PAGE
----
The thicket I was hunting usually has 20 or 30 head of cattle on it, but for some reason the cattle had been removed and except for the dogs, I was really hunting alone. The pasture is slowly being overtaken by wild rose bush, not multiflora rose, but a wild species native to Pennsylvania. It's greener with long spindly shoots, and it may not be quite as deadly as multiflora, but it's certainly close. Anyway, it seemed that almost every rose bush had a rabbit hiding under it, and a few times during the day I actually saw two rabbits up at a time.

          The dogs never stopped barking and went out to the east running another cottontail. I tried to get out there, but the combination of old barbed wire and rose bush kept me from making much progress. I went around taking the long way into a wooded section of the thicket. The dogs were still barking somewhere above me and coming closer. I saw a nice cottontail scooting out to my right, but knew it was out of range. I was lowering the gun when another rabbit, this one closer, came out the same way... it was another easy shot and I had my second rabbit of the day.

          Like most rabbit hunts, things can happen quickly. On this solo hunt I could tell the rabbits were really in here today, but I had to get the dogs back down into the pasture where a solitary hunter had more of a chance for shooting. After some real scolding and a few bumps from the shock collars I got the dogs turned again and headed over the hill into the savanna-type openings in the pasture. I sat down on a nice log there and tried to eat a sandwich, but Bowser, who can hear cellophane at 1,000 yards, wouldn't let me alone. About the time he had just about eaten my whole sandwich, Jeanie and Storm jumped another rabbit below. Thank goodness!

          One of the best things of hunting alone is that you can hunt at your own pace. I knew there were plenty of rabbits out today, so I was not in a big hurry to shoot or to work down into the pasture further. I figured I would just finish my sandwich (the part Bowser hadn't eaten), and let the dogs run. Usually if I have a buddy with me, he's usually in a big hurry to kill the rabbit or cover as much ground as possible. If I've learned anything rabbit hunting over the years, it's probably: If you stand still, you're just as likely to get as much shooting as if you run all over the place.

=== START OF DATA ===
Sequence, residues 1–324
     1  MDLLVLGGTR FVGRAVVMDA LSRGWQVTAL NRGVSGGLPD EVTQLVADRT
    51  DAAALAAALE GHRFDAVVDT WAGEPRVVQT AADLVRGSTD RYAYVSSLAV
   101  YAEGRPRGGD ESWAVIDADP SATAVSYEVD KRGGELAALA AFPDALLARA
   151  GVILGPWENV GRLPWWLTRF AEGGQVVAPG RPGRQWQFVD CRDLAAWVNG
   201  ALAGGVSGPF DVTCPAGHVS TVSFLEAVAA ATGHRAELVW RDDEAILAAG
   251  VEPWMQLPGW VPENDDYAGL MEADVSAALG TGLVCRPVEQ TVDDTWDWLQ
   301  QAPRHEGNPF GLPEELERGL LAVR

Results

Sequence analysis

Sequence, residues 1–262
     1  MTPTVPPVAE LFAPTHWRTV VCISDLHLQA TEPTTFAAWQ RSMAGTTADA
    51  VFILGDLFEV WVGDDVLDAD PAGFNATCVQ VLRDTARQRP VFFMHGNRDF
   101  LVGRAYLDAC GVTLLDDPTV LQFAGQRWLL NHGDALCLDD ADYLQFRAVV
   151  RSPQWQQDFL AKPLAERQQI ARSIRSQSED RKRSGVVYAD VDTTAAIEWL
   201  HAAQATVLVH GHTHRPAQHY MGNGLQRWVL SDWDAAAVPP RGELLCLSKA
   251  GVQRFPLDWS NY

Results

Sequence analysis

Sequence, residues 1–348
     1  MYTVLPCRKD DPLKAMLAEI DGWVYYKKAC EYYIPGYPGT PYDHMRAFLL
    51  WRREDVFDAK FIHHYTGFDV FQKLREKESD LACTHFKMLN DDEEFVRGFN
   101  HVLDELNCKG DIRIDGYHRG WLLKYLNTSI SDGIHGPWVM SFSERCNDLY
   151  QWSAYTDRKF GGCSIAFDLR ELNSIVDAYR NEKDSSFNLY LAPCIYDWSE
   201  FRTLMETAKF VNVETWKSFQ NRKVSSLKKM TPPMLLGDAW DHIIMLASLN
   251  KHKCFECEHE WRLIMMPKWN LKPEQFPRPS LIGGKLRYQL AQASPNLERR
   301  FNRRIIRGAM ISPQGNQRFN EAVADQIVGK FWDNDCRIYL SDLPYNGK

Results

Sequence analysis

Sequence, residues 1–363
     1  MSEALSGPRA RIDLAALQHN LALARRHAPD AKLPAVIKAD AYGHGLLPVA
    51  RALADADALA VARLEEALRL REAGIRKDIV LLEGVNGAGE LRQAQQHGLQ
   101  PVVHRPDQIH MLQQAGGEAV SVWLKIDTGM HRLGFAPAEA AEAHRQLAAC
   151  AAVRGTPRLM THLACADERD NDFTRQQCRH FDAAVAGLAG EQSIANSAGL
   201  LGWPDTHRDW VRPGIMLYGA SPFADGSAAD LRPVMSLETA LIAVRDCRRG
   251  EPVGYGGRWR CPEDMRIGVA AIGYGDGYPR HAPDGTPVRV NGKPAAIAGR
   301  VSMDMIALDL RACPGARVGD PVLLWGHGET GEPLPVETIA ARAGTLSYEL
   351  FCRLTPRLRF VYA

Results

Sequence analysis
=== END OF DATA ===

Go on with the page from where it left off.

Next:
Sometimes I fall into this trap. You're out for a few hours, and you haven't gotten any rabbits so you start following the dogs and running here and there. In most cases the rabbit will get around to you if you give it a chance. This thought entered my mind so I decided to hang in here where I was sitting and just let the dogs do their job and see what happened. I had taken my third rabbit from the spot just a few minutes after Bowser joined the chase, so I needed only one more for a Pennsylvania limit.

          The dogs went east again to the far side of the pasture, down over the steep hill for a while then swung up, and slightly toward my log. The dogs were running very well today, even though I hadn't been happy with their performance lately. But they were locked on today!

          Finally, the chase was so loud and coming so hard that I stood up and took a few nervous steps forward. I could see the dogs now coming hard from my left. Yeah, here comes the bunny! And man is he moving.

          He bounds through three or four openings and I swing the gun hard right, and line up with a fairly large space near a green ash tree. He flies through almost before I can settle the gun and smash the trigger. He cartwheels from behind the tree!

          And you know what's one other bad thing about hunting solo? No one witnessed this spectacular shot!

Should you have a concern regarding the health of your Beagle(s), you should contact your veterinarian. All information on this site is presented solely for educational and informational purposes and should not, at any time, be considered a substitute for seeking or receiving veterinary care for your Beagle(s).